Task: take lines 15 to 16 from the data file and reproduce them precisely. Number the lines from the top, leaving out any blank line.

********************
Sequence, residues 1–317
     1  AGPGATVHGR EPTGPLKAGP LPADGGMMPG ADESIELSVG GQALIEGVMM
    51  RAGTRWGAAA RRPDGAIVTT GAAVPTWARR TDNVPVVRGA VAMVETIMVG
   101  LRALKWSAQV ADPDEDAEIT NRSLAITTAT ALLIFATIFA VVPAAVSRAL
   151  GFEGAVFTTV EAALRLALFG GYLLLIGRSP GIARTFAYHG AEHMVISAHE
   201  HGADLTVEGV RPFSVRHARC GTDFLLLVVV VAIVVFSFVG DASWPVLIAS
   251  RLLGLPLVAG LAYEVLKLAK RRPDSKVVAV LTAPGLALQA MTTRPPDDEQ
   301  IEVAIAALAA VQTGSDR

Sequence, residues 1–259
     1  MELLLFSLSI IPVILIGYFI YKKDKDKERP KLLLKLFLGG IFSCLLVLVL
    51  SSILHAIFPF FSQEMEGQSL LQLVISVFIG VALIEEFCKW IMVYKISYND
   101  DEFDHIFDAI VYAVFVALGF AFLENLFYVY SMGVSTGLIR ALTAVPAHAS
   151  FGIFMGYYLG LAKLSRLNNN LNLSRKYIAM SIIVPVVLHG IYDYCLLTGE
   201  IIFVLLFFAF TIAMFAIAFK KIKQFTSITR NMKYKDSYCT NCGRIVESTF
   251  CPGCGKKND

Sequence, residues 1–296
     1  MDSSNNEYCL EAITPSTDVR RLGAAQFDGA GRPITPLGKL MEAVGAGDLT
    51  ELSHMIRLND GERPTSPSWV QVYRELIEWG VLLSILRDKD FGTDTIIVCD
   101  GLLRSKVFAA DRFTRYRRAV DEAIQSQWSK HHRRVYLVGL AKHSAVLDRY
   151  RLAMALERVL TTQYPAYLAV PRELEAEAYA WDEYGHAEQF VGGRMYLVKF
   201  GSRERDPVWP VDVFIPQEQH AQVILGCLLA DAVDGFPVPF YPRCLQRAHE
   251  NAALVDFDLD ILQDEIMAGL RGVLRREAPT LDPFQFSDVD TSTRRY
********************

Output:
   251  CPGCGKKND

Sequence, residues 1–296